Remember they want to sue the county and the hospital.


the Livermore team thought the more likely event was that Ramirez had rubbed DMSO on herself to relieve the pain from her cancer. That would account for the oily sheen and garlicky odor observed by the staff. Ramirez's family has since denied she was using DMSO or PCP before her death, but if she did use a DMSO gel for her pain, it would have been far from unusual--it's been estimated that two-thirds of cancer patients use some kind of unprescribed home remedy for their disease.





They conducted an experiment to see how much dimethyl sulfone could accumulate in the blood at normal body temperature. They dissolved the compound in a transparent liquid called Ringer's solution, which is basically all the ingredients of blood minus red blood cells. "We found we could load it up in the Ringer's solution to an appreciable extent without any sweat," says Grant. (The autopsy, the researchers note, had found that Ramirez had a urinary tract blockage. That could have aggravated the buildup of dimethyl sulfone by preventing it from being flushed out of her system.)...When they cooled a vial of this Ringer's solution crammed with dimethyl sulfone to room temperature (about 70 degrees), they were greeted by a good sign. "The solution became supersaturated, and dimethyl sulfone began to form beautiful white crystals," says Whipple, who did the experiment with Grant. In real blood those crystals might have appeared manila-colored. Thus this process could have produced the crystals that had been observed in the syringe in the hospital, particularly since emergency rooms tend to be cooler than most rooms--about 66 degrees....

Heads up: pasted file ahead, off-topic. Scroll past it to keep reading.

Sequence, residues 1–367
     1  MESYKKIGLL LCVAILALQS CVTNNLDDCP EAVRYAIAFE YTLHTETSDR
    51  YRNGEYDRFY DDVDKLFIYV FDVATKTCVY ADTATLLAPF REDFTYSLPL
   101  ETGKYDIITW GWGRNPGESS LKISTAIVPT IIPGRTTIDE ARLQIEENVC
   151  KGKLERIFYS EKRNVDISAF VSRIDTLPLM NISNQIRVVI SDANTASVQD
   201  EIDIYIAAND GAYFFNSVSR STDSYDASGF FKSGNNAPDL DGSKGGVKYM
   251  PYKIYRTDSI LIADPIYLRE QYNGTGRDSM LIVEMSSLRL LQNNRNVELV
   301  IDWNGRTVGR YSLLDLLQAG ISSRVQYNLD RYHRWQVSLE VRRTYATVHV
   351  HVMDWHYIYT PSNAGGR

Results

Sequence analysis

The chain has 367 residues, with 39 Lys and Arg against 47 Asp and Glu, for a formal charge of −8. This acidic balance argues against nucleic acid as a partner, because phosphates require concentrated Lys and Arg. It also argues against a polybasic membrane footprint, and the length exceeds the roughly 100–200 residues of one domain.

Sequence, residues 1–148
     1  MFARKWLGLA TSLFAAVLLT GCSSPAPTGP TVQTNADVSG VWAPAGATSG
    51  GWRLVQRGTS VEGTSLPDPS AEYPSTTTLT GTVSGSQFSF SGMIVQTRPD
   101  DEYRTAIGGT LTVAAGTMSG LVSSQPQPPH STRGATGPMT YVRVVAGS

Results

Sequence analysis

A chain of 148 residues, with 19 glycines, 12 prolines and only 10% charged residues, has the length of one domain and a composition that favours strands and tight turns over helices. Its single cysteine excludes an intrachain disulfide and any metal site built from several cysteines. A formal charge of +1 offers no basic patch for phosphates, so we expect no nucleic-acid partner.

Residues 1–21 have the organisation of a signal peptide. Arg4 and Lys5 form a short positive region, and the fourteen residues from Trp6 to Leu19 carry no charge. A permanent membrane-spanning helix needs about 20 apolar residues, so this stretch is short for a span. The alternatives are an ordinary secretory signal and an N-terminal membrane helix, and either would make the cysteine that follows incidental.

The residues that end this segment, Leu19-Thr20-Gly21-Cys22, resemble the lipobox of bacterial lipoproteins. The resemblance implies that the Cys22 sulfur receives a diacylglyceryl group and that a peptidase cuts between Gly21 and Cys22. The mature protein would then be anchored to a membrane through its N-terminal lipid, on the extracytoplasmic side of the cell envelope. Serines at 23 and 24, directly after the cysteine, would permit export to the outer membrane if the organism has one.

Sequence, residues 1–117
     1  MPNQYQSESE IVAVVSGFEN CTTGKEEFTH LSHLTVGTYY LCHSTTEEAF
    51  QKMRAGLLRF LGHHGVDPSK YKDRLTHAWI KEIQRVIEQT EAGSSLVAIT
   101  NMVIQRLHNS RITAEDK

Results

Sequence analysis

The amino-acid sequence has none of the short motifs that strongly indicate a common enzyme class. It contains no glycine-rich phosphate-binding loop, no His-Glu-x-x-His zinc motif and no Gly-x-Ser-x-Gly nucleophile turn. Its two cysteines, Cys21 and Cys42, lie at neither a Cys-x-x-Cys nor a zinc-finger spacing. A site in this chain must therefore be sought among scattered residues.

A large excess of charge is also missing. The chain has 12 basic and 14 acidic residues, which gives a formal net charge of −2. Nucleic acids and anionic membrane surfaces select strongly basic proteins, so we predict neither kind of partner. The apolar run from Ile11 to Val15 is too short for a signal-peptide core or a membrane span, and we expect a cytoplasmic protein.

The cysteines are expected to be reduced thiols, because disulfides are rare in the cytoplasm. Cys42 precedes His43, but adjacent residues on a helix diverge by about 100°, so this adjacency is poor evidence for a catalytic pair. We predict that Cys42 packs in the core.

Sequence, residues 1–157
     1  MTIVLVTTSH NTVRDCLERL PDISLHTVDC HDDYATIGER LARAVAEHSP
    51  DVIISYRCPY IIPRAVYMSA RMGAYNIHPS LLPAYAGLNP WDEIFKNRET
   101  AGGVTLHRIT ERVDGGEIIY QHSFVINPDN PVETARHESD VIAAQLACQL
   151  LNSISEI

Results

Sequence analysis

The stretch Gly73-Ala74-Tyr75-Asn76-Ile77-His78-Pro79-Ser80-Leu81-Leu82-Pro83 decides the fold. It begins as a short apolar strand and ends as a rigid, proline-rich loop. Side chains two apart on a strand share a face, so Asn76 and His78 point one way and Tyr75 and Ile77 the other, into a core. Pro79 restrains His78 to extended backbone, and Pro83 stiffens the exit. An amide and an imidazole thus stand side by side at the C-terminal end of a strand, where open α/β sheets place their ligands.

When Susan Kane drew blood at the hospital, however, the cool temperature had slowed the breakdown of the dimethyl sulfate. Appreciable amounts of it built up in the syringe, and some of it vaporized out of the blood. This was the gas that poisoned the emergency room staff. Dimethyl sulfate doesn't vaporize easily--the Merck Index lists its boiling point as 370 degrees. Nevertheless, according to Grant and other chemists, some fraction will still vaporize at room temperature. The crystals of dimethyl sulfone turned into dimethyl sulfate as well and vanished from sight. In the end, all of the dimethyl sulfate either vaporized or broke back down in the blood into its constituents. And thus the macabre chemistry of that night hid most of its traces from investigators.



Its not over yet not everyone agrees with the results...


[edit on 25-8-2006 by Desolate Cancer]



posted on Aug, 25 2006 @ 02:49 PM
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last post on this particular case I still want to find the other case of patients who emitted vapors/fumes that incapacitated/killed those treating them.